Chemicals in artificial Christmas trees may pose health and environmental risks.
Opting for an artificial Christmas tree this year?
Chances are, the answer is “yes.” Over 80 percent of U.S. households that put up a Christmas tree will choose an artificial tree over the natural, pine-needle alternative.
Many consumers cite safety as a major reason for going the artificial route. Real Christmas trees catch fire at approximately three times the rate of artificial trees, while most artificial Christmas trees are made of polyvinyl chloride (PVC), a widely used, fire-retardant chemical.
Artificial Christmas trees also are known for their soft-to-the-touch pine needles. This kid-friendly texture comes from the high number of phthalates mixed in with PVC during the manufacturing process. Phthalates are a broad class of chemicals that give PVC its plasticity.
Despite the promise of reduced fire risk and a softer touch, some consumer and environmental rights advocates insist that artificial Christmas trees are not a truly safe, risk-proof option. They warn that artificial Christmas trees pose health risks for consumers because of the chemicals added to PVC during production.
So far, U.S. regulators do not yet agree.
The U.S. Environmental Protection Agency (EPA) has recognized that “high exposure” to phthalates may raise health concerns. In recent years, some researchers have begun to link high degrees of phthalate exposure to lowered fertility, certain cancers, and testosterone reduction.
In 2017, with these risks in mind, the U.S. Consumer Product Safety Commission banned many phthalates from use in manufacturing toys for small children. China—where approximately 80 percent of U.S. artificial Christmas trees are imported from—has imposed similar restrictions.
Some epidemiologists are calling for phthalate bans across all consumer products. But for now, phthalate regulations only reach the toys under the tree, not the tree itself.
In addition to concerns about phthalates in artificial Christmas trees, some consumer advocates allege that these trees’ production and disposal increase global pollution. For example, artificial trees tend to last only ten years, on average. Since PVC is not recyclable, disposed trees either waste away in landfills or are incinerated. Environmental experts note that carcinogenic dioxins are emitted into the air when products with PVC are burned.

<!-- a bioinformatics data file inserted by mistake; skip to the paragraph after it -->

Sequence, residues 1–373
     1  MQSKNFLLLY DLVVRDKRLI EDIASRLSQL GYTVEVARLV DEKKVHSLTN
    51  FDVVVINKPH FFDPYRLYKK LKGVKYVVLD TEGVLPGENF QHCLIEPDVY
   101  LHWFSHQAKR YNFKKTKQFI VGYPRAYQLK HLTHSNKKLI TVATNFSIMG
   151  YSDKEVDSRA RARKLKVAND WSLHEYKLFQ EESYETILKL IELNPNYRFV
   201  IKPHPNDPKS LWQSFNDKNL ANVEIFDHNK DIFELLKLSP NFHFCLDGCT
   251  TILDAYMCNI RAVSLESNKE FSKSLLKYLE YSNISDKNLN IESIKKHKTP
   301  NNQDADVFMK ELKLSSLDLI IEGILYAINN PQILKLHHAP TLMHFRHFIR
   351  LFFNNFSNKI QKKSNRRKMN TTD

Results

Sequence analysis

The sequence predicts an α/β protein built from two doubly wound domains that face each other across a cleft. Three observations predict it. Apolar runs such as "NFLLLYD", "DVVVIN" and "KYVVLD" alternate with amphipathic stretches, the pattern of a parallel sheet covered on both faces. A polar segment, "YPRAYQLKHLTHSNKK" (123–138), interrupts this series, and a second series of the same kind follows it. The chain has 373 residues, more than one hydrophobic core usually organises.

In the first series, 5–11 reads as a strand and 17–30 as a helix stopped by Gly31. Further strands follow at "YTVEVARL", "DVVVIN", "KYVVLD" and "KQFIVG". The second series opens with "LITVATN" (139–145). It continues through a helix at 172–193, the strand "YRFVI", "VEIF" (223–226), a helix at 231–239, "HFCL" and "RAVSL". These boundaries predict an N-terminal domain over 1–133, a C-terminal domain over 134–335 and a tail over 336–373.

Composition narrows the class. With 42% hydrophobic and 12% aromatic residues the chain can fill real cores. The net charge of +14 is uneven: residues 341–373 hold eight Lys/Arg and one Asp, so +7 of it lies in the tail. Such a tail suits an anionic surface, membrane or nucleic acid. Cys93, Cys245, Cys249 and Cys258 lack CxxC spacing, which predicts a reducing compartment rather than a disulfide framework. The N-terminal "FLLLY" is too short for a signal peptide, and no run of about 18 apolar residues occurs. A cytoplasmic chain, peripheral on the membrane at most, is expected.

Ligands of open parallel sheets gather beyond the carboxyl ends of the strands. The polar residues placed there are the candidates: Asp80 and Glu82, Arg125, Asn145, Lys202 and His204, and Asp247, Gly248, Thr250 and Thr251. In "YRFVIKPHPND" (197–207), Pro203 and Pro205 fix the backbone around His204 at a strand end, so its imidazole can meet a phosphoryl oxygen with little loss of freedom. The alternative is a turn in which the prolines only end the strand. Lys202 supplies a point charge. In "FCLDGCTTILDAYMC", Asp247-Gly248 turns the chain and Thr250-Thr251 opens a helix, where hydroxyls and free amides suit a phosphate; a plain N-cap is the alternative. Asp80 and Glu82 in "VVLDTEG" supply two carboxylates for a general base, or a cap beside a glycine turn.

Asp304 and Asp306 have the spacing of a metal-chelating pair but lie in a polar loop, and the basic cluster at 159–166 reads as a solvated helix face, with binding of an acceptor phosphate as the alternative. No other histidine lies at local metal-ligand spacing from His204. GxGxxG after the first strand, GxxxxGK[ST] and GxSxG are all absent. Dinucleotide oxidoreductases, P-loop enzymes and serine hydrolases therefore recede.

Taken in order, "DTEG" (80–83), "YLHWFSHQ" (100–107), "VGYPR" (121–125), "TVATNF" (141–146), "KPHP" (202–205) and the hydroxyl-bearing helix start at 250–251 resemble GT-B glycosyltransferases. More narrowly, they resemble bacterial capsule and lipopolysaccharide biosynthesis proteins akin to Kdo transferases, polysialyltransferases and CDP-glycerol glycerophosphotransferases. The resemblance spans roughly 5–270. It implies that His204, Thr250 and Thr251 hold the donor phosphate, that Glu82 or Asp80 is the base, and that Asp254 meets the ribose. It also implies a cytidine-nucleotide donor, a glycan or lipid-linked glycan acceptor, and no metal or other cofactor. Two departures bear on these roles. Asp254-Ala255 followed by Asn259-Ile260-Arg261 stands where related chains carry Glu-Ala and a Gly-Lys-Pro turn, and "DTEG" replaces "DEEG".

Dioxins released into the air through incineration as well as in the production of artificial trees pose substantial health risks for workers and residents in surrounding communities. And experts note that low-income residents and communities of color tend to bear the brunt of health risks associated with PVC emissions, as these groups are disproportionately more likely to live near both PVC factories and incinerators.
In 2012, EPA issued a rule mandating emission caps for U.S. factories producing PVC. The rule aimed to reduce hazardous waste pollutants—including dioxins—by over 260 tons per year. Since then, environmental advocates have continued to push for more comprehensive regulation. In December 2020, environmentalists won a partial victory. EPA issued a proposed rule that would decrease hazardous air pollutants by an additional 34 tons per year.
These EPA rules would limit the release of dioxins during the production of the small proportion of artificial trees manufactured in the United States, but much less agency attention has been paid to emissions released during artificial tree disposal. In May 2021, the Center for Biological Diversity sued EPA under the Resource Conservation and Recovery Act, requesting that the agency classify discarded PVC as hazardous waste and regulate it accordingly.
No such regulations have yet been issued.
In addition to dioxin pollution, some consumer groups argue that artificial Christmas trees present risks of lead exposure—but the validity of these claims remains uncertain.
Lead exposure, even in small amounts, threatens health. But the U.S. Food and Drug Administration notes that “most intentional uses of lead are now banned in the United States.” Since 1976, lead use in paint, dust, soil, air, and water has been regulated by the Toxic Substances Control Act.
Notably, federal lead regulations do not extend to plastics. And similar to phthalates additives, small amounts of lead have historically been added to PVC during production.
The American Christmas Tree Association, a non-profit dedicated to providing the public with information on Christmas tree purchasing options, has reportedly said that “leaded PVC is no longer used at all in its members’ products.” The National Tree Company, a tree importer and wholesaler, agrees that lead exposure should not worry potential buyers. Yet in California, Proposition 65 still requires warning labels on imported artificial Christmas trees.
Over the last thirty years, consumer exposure to lead has significantly declined. But it remains unclear whether existing regulatory controls are truly enough to curb all lead additives in plastics.
Despite these safety considerations, the sale of artificial Christmas trees continues this December. Although these trees will bring much joy this holiday season, some advocates suggest that they may be worthy of greater regulation for Christmases to come.